To take vows from a Palyul master:

– In the Eastern Hemisphere, the best way to request ordination is to request permission to travel to Namdroling Monastery to make this request in person. The monastery gives novice and full ordination every year before the beginning of the shedra’s academic year, usually April or May. You must call the office at Namdroling to make arrangements and inquire about the schedule. International students have taken ordination at this time in the past. Please note that permission to visit the monastery and a permit from the Indian government is required.

– In the Western Hemisphere, one is encouraged to attend the summer retreat in the United States. During the retreat it may be possible to request ordination from a Palyul master through a formal request.

At Namdroling Monastery in South India it is possible, with the permission of the governing board, for monastics from outside India to receive the same support as the resident Tibetan and Himalayan monks and nuns. Although very basic food and accommodation is provided free of charge, both Tibetans and international students generally choose to seek a sponsor to provide additional income. Conditions at the monastery can be very rustic. Expenses for international students at Namdroling generally include: additional food, medicine, Dharma books in their native language, supplies for study and practice, clothing and bedding, travel for visas and teachings in other areas, etc. International students who are unable to find a sponsor sometimes go overseas to work for a few months and return with enough money to last a few years. More details about courses of study at Namdroling can be found here.

In the Western Hemisphere, there is no formal support structure within the Palyul Lineage for those who have taken monastic ordination. Many people choose to work and save money which then allows them to spend extensive periods engaged in study and practice either at Western Dharma centers or in monasteries in India and Nepal. In Asian countries it is rarely necessary for monastics to seek employment as they are sponsored by their relatives and friends. It is said in the teachings that the lay person who sponsors a monastic with pure moral discipline also accumulates merit.

Since the Dharma and the monastic tradition are relatively new to the West, the tradition of lay people sponsoring monastics has not caught on very much. Western monastics who cannot find a sponsor and do not wish to live in India generally have no choice but to find a job. It is best to choose work that is in harmony with the Dharma. Some people choose work which is directly beneficial to others such as nursing or social work. Jobs which allow one to stay at home or have few hours outside are also good as they allow one to focus on one’s primary job as a monastic which is the study and practice of Dharma. Jobs that would cause one to bend or break one’s vows are, of course, to be avoided. Further, if one is not able to wear one’s robes one should attempt to wear the colors of the Sangha as much as one can, even if it is only possible to wear suits with the correct colors. Most importantly, one’s commitment to renounce samsara should be kept in mind.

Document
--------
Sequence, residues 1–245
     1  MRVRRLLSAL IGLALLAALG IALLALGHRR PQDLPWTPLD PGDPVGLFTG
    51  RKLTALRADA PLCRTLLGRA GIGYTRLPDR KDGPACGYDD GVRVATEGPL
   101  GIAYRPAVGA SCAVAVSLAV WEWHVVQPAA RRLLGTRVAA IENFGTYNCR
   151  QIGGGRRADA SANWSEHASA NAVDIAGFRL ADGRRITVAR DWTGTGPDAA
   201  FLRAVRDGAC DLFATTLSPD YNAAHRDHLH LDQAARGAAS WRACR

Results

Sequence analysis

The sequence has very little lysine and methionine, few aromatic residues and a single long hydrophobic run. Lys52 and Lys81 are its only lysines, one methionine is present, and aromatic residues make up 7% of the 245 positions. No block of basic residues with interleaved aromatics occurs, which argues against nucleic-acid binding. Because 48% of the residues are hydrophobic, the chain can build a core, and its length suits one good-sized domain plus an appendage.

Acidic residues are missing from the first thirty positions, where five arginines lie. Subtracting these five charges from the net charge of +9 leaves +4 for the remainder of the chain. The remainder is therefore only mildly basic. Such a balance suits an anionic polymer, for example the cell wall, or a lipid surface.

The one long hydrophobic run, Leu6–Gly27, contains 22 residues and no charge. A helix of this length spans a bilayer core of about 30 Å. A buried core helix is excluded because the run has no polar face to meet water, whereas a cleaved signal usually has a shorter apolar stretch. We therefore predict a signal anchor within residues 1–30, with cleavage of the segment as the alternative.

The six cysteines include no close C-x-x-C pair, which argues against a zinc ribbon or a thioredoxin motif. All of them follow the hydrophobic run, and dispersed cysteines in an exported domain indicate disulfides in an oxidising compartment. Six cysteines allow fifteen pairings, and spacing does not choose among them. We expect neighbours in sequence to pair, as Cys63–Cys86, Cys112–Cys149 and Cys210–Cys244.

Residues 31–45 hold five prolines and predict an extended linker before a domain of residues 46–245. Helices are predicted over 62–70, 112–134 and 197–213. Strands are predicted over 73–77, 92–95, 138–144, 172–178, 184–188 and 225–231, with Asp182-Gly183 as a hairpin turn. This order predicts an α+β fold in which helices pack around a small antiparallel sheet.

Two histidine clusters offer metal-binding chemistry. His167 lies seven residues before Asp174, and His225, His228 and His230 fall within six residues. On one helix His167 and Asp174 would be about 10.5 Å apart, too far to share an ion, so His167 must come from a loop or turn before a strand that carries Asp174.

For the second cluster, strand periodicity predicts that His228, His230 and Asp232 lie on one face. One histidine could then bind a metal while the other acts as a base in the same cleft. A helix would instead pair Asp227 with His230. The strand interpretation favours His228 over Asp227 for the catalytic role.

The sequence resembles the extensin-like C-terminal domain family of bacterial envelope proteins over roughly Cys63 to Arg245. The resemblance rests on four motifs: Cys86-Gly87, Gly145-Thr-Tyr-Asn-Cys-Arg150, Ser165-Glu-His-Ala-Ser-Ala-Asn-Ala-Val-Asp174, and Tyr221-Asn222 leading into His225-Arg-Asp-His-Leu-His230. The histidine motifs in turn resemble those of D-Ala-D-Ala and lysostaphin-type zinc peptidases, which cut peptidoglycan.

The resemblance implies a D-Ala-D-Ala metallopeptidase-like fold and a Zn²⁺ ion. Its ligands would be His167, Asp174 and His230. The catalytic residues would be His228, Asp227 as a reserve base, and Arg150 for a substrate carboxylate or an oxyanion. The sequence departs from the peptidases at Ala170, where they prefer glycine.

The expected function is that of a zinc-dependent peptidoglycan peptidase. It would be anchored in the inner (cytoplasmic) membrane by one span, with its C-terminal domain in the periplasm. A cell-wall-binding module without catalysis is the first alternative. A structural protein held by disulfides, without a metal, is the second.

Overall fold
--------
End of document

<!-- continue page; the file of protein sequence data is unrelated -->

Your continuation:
It is discouraging for monastics when they must spend the majority of their time at a job where they must engage in worldly activities and possibly even hide their ordination. Staying for extended periods of time with worldly activities, a monk or nun’s monastic resolve may decline, and ultimately this can lead to having to give up ordination. This is not the purpose of a monastic. A person considering ordination should give serious thought to the conditions and circumstances which will be necessary for them to keep their ordination for the rest of their lives and how that ordination will be conducive to their practice and eventual enlightenment for the benefit of all sentient beings without exception.